Healthcare-associated infections are less likely to occur in favorable critical care work environments, according to a study of more than 3,200 nurses.
HAIs lead to the loss of tens of thousands of lives and cost the U.S. healthcare system billions of dollars each year, according to background information for the study, which was published in the November issue of the American Journal of Critical Care. In addition, HAIs can have devastating emotional, financial and medical consequences.
The study found nurses working in favorable critical care environments were 36% to 41% less likely than nurses in poor work environments to report that urinary tract infections, ventilator-associated pneumonia and central line-associated bloodstream infections occurred more than once a month.
These findings substantiate efforts to focus on the quality of the work environment as a way to minimize the frequency of HAIs, according to the study authors. The study also concludes that critical care nurses, as the largest group of clinicians providing direct care in ICUs, are well-positioned to influence the prevalence and prevention of HAIs in critically ill patients.
For the study, nurse researchers and professors from the Center for Health Outcomes and Policy Research at the University of Pennsylvania School of Nursing, Philadelphia, analyzed nurse survey and hospital data on the association between the critical care work environment and nurse-reported patient outcomes in four states during 2005-08.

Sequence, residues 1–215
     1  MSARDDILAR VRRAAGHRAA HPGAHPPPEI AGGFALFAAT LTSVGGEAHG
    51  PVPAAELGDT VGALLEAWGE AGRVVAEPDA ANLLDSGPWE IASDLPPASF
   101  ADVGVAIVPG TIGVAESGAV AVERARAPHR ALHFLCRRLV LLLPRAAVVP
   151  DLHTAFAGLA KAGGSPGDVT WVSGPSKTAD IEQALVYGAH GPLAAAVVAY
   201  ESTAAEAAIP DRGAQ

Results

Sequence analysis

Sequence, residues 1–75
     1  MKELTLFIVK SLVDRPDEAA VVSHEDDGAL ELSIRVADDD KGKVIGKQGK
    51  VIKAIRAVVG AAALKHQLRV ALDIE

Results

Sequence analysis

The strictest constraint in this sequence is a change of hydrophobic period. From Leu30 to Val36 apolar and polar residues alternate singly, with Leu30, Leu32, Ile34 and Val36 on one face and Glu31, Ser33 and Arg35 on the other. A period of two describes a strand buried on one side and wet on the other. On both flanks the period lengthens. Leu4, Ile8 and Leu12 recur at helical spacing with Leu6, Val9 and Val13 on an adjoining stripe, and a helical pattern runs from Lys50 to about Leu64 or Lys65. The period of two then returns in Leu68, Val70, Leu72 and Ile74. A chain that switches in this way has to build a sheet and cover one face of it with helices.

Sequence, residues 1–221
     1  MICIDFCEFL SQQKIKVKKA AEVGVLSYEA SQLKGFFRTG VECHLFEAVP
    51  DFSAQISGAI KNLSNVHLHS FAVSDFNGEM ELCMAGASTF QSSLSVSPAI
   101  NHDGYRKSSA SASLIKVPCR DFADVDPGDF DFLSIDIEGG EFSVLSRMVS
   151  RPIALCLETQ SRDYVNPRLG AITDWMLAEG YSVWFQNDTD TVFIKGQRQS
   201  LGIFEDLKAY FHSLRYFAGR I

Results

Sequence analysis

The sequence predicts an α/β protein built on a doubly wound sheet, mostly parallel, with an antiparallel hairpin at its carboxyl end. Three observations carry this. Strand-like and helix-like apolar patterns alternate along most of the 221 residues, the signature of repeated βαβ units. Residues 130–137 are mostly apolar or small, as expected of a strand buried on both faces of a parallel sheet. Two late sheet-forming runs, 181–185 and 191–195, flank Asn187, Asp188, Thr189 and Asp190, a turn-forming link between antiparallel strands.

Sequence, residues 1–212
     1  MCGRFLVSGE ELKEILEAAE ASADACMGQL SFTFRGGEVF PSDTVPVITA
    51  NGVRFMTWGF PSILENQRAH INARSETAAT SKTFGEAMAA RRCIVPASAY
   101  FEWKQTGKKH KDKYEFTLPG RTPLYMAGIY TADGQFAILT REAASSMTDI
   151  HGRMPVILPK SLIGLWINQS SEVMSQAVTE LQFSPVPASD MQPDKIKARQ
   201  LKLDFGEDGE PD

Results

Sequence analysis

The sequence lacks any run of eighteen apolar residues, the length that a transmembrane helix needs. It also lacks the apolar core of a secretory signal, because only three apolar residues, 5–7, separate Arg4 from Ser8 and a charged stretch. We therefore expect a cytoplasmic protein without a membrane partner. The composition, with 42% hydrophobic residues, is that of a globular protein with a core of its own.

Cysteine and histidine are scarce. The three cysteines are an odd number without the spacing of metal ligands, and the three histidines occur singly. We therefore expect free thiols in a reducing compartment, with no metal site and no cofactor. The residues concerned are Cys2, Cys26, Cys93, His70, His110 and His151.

The sample included adult, nonfederal, acute care hospitals in New Jersey, Pennsylvania, California and Florida that responded to the American Hospital Association Annual Survey in 2007 and had at least five critical care nurse respondents from the University of Pennsylvania Multi-State Nursing Care and Patient Safety Study. The final sample totaled 3,217 nurses from 320 hospitals, making it one of the largest samples of critical care nurses to date, according to a news release.
The study’s lead author, Deena Kelly, RN, PhD, is a postdoctoral research fellow in the Department of Critical Care Medicine at the University of Pittsburgh School of Medicine.
“Critically ill patients are particularly susceptible to healthcare-associated infections, and the nurse work environment may be a key organizational strategy for preventing them,” Kelly said in the news release. “Each hospital’s critical care nursing staff, led by administrators and nurse managers, should examine how best to improve their work environment to mitigate the effects of HAIs in already-vulnerable patients.”
The results suggest administrators and nurses could focus their efforts on addressing weaknesses in their critical care work environments by using scores from of the 31-item Practice Environment Scale of the Nursing Work Index as a guide.
Implementing a primary care staffing model, ensuring appropriate support staff and resources are available and providing support for nurse managers are examples of interventions that might lower risk for development of HAIs, result in greater staff satisfaction and translate into improvements in multiple patient outcomes, according to the authors.
The survey findings are consistent with clinical reasoning that HAIs are sensitive to variation in nurses’ work environments because critical care nurses maintain patients’ central and urinary catheters, perform oral hygiene and encourage early mobility.
The study provides the latest data to support the link between work environments and patient outcomes, an underlying tenet of the American Association of Critical-Care Nurses’ healthy work environment initiative and its 2005 report, “AACN Standards for Establishing and Sustaining Healthy Work Environments.”